History was made in Hawaii recently when a state judge ruled that a lawsuit seeking damages from major oil and gas companies for their climate disinformation campaigns can move forward in state court. The ruling sets an important precedent that the fossil fuel industry has been fighting to prevent in similar cases across the country.
The case against ExxonMobil, Chevron, Sunoco, Shell Oil, and other companies argues that major oil and gas producers have worked for decades to deceive the public and policymakers about the devastating impacts of climate change. As a result, the lawsuit claims, communities in Hawaii are now facing increased flooding, more extreme weather events, and rising seas. Under the current emissions trajectory, the state is threatened by more than three feet of sea level rise within the century which could put more than $19.6 billion of land and infrastructure at risk. As the lawsuit charges, these impacts were not inevitable and were exacerbated by the fossil fuel companies’ deliberate decisions to hide findings and sow public mistrust in climate science to prevent action to address climate change.
UCS research has shown that scientists at major fossil fuel companies have understood the connection between their products and climate change for more than five decades. Instead of addressing the looming global crisis their companies were helping to create, decisionmakers at these major fossil fuel companies chose to actively downplay and distort the mounting evidence of climate change. These industry leaders mounted campaigns to block climate action. As UCS has detailed in the disinformation playbook, the fossil fuel industry and its industry trade groups have harassed scientists and manufactured uncertainty with no scientific basis. Unfortunately, many of these deceptive tactics by the fossil fuel industry continue today. Lawsuits such as the one brought in Hawaii seek to expose them and hold the companies accountable for their deception.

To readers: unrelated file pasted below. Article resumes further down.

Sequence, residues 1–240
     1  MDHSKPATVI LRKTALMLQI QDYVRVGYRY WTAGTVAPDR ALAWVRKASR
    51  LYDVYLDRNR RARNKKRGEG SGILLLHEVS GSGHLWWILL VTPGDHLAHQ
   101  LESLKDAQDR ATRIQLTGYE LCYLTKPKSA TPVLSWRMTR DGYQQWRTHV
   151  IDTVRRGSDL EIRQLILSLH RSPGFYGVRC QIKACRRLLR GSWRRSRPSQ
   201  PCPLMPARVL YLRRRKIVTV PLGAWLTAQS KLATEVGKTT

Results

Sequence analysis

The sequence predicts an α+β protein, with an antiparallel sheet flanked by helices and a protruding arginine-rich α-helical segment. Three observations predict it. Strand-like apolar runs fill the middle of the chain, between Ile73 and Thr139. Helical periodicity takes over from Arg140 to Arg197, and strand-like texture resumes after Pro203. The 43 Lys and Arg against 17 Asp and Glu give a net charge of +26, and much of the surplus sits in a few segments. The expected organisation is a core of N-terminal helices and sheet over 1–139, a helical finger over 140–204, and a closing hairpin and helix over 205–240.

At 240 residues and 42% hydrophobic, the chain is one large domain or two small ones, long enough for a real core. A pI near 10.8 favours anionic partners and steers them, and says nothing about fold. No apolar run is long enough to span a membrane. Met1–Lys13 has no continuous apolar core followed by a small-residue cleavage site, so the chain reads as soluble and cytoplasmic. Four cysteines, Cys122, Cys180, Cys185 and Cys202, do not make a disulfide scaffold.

The importance of the Hawaii victory
What makes the Hawaiian ruling so notable is that it is the first climate disinformation case to move to the legal “discovery” phase in which the companies charged will be forced to disclose internal company documents and correspondence. In this case, lawyers for the fossil fuel companies pushed three separate motions to try to dismiss the lawsuit and failed all three times.
The ruling marks a major victory in the broader legal battle to hold fossil fuel companies accountable for the costs of climate change. Dozens of similar cases in the United States are now pending that also seek to hold oil and gas companies accountable for their intentional decisions to spread disinformation. The Hawaiian ruling marks an important precedent for them and could potentially reveal important truths about industry actions that could influence those cases as well.
During tobacco litigation in the United States, scores of cases against tobacco companies were dismissed before one brought by the state of Minnesota finally went through the discovery process and succeeded in bringing to light internal tobacco company documents. The internal documents, combined with grassroots campaigning, played a major role in eventually forcing tobacco companies to shut down their lobbying arm, cease certain of their marketing tactics, and pay out billions of dollars in damages and penalties.